The ups, downs and crux of preaching

PHOTO: Kristi Lee

Preaching to Transform Not to Modify

Jeff Bucknam

By Carl Heppner

It is clear that Jeff Bucknam has mastered the art of presence in the pulpit. This presentation on the role of biblical preaching as an element of effective discipleship through boldness, deeper application, and Christ-centredness was clear and engaging. And as a pastor who speaks regularly, I confess that I found myself drifting continually into mental comparisons of my own preaching tendencies, foibles and preferences and wondering how I measured up to this methodology.

Recognizing that the format of this presentation does not easily lend itself to a nuanced exploration on the subject matter, I would like to note a couple of the questions which came to mind as I considered my response. Every seminar, class and book on effective preaching that I have encountered has had one thing in common: they each begin with understanding the role of the preacher as mediator of a Spirit-infused and inspired message arising from the scriptural text that addresses the immediate context of the hearers. In fact, much of the preacher’s work of wrestling with the text lies in the task of listening carefully for the Spirit’s direction.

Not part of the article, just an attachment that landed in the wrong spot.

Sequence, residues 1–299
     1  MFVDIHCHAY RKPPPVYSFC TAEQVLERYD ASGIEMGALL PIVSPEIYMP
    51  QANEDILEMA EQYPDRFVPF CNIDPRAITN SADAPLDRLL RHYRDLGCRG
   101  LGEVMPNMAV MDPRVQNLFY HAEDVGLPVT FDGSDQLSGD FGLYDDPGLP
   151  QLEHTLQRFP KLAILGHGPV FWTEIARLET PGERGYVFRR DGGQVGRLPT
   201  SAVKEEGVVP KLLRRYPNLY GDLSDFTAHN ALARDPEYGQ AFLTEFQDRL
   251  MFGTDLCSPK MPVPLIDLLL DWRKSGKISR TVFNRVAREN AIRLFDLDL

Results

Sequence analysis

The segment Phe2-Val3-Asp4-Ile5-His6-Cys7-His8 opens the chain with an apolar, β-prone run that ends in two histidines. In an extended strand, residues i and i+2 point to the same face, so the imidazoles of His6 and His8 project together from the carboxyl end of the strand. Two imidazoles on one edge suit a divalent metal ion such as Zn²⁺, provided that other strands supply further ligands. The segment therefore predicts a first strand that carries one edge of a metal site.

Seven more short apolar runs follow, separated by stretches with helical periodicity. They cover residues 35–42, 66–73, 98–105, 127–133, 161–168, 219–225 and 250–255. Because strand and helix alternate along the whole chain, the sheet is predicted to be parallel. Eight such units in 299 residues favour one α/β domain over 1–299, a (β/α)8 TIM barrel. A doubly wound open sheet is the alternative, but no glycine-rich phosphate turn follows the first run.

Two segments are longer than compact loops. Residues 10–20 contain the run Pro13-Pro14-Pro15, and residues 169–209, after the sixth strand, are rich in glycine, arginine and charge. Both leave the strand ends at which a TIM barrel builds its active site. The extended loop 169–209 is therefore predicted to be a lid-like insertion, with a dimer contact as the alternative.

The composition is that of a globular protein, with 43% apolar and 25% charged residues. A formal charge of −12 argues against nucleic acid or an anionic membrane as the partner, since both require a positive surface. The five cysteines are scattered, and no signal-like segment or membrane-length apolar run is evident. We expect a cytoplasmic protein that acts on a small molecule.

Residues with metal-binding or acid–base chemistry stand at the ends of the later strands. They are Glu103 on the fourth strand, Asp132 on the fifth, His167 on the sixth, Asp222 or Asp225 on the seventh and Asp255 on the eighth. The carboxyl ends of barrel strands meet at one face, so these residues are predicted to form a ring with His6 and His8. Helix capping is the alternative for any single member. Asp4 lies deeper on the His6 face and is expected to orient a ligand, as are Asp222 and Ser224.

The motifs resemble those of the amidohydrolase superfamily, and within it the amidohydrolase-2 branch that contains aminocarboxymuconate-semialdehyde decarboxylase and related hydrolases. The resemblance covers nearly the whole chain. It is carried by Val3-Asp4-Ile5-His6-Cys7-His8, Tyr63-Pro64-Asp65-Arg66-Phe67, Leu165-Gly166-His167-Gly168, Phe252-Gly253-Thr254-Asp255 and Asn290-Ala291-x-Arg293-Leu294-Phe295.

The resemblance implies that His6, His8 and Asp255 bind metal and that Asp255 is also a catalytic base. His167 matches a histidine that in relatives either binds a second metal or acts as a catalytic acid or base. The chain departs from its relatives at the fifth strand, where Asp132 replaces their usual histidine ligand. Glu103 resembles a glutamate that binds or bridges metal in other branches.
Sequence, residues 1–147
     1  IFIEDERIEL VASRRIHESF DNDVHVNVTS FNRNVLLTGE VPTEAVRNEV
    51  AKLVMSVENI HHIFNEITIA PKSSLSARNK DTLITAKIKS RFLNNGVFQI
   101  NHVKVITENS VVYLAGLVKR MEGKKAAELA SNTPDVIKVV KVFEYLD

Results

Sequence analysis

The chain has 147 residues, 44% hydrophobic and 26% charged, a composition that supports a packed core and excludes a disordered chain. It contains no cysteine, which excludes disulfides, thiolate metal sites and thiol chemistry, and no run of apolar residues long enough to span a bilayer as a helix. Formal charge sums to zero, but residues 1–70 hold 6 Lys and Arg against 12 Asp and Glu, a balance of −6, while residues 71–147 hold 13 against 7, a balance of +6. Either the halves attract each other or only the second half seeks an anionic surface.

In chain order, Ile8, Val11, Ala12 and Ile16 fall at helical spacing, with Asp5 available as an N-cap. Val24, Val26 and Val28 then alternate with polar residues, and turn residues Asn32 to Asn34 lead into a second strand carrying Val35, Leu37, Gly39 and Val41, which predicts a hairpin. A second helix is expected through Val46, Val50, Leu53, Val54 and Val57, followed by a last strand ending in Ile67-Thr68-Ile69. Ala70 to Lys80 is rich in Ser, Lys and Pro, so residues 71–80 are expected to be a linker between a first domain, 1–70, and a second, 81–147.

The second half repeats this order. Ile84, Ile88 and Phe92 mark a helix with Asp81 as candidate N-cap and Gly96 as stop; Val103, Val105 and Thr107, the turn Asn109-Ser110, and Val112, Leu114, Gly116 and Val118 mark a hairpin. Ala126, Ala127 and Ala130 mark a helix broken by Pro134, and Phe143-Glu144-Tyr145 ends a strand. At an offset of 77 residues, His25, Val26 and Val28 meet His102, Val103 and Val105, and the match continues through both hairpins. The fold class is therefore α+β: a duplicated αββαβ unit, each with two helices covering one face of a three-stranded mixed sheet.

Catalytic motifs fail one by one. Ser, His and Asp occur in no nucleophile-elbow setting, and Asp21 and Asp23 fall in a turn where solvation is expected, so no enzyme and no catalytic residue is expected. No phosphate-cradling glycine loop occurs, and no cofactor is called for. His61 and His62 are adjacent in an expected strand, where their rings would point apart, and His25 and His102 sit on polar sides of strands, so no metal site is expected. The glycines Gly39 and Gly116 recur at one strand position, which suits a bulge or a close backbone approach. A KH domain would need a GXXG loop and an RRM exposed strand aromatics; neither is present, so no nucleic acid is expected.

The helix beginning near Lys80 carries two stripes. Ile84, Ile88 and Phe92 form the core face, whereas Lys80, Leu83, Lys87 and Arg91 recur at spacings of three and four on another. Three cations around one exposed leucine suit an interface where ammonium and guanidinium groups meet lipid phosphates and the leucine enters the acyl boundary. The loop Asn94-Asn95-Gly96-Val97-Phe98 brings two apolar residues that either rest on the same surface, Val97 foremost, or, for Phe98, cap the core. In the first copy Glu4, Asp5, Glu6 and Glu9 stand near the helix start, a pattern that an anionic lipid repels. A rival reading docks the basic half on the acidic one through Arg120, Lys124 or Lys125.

While this approach of listening carefully resonates well with this presentation’s call to deeper application, a concern is that the proclamation of bold truths without due attention may too easily lend itself to the imposition of the preacher’s own grievances with perceived spiritual weakness and unbelief among the hearers. As such, I would propose that we might rather pursue transformational preaching that is “wholly true.”

Having said that, I must affirm that I resonated wholeheartedly with Jeff’s final point: all transformational preaching must begin and end with the cross of our Lord Jesus Christ.

—Carl Heppner is pastor at Fort Garry MB Church, Winnipeg.